Tuesday, January 26, 2010

Day in the Life

I don't want to over saturate your impressionable minds with my ramblings but I find myself thinking to myself "Oh! I should've blogged that!" and I wait to do it and forget what it was. Kind of like right now. I had so much to write about and now my mind is drawing a blank. I will start carrying a notebook with me

I received a very interesting note from my devastatingly handsome and perfect friend, Chris Gathman, yesterday. He's spent a great deal of time in Asia, having lived in Shanghai and reminded me to let go of my American outlook on things and really do my best to experience the culture and opportunities in front of me. So today i really tried. I went to the coffee place alone. ordered alone. paid alone. said hello to people that I saw. Went to the market and tried to buy a map. That wasn't so great, but i tried. And instead of walking straight to school, I stopped and looked around and really took in the adorable market that goes on each day, and the way people barter and do business. The way of life here is fascinating to me.

Speaking of school, it's great. Today a teacher told me what a great job I was doing and how well I was able to handle the loudest class. She said I was very "suitable" for teaching which was music to my ears. It turns out that I'm kind of a tough cookie in the classroom. I've shed my need to make everyone like me and instead replaced it with "you listen to me, I am boss" and am surprised yet ecstatic to find that the students actually do. I no longer feel like a sham. I am slowly starting to build confidence in what I am doing.

It helps that the children are adorable. Truly sweet, excited and so eager to learn. Each day that i walk into the classroom, I am struck by how seriously they take learning a foreign language and feel sad for the United States that there is basically no emphasis on foreign language. I'm not saying the US should take up teaching Vietnamese in school, but foreign languages should be taken more seriously. The ability to be able to communicate in a tongue other than your own is essential to life. For people to be arrogant to assume that English is enough is tragic. We are so far behind and will find that, over time, we will be based over for those who are multilingual and we will be on the bottom on the totem pole. I truly believe that to succeed in life you need as many talents and assets as possible and you should never assume that what you've done is enough. there is always more.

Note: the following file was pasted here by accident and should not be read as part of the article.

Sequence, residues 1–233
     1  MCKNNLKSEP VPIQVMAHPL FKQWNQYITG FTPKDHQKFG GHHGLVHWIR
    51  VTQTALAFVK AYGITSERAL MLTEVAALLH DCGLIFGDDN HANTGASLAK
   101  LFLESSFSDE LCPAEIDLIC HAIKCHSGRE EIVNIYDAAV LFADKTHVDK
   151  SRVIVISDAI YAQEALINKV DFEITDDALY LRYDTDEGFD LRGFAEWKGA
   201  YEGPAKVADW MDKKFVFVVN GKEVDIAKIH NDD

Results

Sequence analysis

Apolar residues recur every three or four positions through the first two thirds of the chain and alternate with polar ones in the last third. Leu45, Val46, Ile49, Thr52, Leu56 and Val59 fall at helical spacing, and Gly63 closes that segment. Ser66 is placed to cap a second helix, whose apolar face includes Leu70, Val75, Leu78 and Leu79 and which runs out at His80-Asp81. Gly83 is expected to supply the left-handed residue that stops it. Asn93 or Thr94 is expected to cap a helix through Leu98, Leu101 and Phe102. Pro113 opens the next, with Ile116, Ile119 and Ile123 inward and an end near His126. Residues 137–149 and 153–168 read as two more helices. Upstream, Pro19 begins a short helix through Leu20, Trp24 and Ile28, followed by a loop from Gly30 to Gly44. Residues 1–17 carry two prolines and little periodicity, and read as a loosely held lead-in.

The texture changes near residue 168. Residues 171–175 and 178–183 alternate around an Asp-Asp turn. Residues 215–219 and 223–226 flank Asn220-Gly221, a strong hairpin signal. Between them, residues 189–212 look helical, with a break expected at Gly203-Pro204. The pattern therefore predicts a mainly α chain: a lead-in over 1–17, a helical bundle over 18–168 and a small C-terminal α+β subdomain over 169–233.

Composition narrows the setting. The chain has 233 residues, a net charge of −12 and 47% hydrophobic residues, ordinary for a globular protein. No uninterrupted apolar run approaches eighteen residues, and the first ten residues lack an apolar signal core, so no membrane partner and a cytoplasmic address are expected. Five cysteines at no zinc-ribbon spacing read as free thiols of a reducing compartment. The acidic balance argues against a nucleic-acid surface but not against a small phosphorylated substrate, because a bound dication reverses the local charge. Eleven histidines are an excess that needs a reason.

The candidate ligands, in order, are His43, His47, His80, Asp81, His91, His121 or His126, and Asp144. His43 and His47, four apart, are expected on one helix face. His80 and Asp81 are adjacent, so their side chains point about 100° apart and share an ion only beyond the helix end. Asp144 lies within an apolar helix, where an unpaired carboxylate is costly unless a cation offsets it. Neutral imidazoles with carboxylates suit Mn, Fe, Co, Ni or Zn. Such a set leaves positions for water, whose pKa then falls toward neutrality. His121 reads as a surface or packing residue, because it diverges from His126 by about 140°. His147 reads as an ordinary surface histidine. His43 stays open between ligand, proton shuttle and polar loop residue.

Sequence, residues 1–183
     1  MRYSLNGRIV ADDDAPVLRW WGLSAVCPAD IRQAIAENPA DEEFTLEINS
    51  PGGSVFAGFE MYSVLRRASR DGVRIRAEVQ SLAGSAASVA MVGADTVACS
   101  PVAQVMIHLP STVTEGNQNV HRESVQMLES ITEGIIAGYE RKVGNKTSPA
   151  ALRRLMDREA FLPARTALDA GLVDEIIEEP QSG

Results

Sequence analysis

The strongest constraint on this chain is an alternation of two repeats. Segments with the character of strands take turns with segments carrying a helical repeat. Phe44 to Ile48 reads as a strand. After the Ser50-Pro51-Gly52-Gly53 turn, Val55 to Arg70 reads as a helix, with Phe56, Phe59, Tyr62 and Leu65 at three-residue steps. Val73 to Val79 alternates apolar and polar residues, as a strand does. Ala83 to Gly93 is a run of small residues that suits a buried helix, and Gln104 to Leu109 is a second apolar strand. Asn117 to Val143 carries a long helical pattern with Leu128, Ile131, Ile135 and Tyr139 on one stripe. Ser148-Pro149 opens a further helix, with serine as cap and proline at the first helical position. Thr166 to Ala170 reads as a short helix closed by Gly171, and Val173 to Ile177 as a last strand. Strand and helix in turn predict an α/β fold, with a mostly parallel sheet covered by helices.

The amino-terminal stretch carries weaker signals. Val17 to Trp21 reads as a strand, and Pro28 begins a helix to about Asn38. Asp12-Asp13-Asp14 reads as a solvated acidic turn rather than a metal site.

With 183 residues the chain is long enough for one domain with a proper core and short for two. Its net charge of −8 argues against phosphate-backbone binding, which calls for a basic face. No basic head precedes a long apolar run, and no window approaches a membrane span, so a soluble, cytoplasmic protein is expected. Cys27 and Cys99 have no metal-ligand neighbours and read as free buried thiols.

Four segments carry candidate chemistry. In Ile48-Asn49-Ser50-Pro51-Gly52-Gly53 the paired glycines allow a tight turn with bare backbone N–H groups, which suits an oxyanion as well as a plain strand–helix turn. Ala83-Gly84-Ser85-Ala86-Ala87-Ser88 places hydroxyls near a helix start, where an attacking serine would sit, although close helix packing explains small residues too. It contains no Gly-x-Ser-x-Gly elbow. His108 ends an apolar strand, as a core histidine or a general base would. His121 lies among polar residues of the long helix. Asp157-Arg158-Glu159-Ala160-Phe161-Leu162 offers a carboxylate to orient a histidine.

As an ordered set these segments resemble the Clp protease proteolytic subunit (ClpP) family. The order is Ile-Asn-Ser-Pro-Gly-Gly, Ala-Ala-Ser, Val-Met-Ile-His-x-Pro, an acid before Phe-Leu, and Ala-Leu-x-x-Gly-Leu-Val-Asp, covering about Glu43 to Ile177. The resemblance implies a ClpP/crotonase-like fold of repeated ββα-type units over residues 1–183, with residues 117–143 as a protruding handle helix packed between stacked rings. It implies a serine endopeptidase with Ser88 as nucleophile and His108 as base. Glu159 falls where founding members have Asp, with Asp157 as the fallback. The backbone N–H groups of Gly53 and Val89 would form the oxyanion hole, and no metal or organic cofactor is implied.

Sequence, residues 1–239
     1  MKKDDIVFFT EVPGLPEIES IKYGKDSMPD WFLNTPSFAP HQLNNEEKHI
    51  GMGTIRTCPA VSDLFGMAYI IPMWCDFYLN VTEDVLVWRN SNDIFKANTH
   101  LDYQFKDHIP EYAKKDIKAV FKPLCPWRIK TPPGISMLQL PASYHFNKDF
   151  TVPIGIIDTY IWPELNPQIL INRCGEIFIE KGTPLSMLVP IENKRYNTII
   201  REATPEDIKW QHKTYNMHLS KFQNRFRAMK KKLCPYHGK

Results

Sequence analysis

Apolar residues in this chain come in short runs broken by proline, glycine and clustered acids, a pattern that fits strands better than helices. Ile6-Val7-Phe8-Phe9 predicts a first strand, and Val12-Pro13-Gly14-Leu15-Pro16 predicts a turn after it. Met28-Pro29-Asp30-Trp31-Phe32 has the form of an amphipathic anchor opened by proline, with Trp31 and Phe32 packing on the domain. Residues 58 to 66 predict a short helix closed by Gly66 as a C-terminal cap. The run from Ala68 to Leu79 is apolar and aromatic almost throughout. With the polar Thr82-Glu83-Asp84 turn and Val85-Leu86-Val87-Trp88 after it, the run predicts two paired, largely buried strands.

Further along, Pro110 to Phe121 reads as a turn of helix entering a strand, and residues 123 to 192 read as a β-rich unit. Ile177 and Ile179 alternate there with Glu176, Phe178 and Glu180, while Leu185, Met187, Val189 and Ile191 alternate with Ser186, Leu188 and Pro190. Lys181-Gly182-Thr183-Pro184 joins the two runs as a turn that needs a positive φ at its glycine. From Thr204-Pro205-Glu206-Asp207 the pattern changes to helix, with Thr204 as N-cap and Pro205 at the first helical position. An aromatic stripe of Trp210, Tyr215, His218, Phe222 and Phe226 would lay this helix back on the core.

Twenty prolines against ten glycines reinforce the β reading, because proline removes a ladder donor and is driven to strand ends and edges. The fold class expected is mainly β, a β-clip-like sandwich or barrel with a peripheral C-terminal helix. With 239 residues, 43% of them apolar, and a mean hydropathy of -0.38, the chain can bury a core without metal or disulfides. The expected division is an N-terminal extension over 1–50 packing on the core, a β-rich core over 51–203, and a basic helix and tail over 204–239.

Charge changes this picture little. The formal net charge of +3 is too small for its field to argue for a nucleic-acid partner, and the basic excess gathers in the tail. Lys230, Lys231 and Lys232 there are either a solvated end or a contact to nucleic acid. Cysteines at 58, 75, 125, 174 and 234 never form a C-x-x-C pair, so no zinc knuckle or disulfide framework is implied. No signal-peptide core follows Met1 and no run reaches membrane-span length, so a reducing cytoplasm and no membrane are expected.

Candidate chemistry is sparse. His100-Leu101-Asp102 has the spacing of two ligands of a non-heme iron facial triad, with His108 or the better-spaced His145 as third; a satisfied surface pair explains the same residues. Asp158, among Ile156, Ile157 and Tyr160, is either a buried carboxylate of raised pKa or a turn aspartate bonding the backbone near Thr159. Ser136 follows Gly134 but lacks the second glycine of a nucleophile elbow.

I digress. The point is: these students speak great English. At the age of seven years old I can have a basic conversation with them, The nine year olds blow me away with what they can say. And when I think back to my PITIFUL French and Spanish classes in my extremely expensive "best in the area" private school I can't help but laugh at the low standards.

Anyway i don't think this post had ANYTHING to do with anything I wanted to actually write about.

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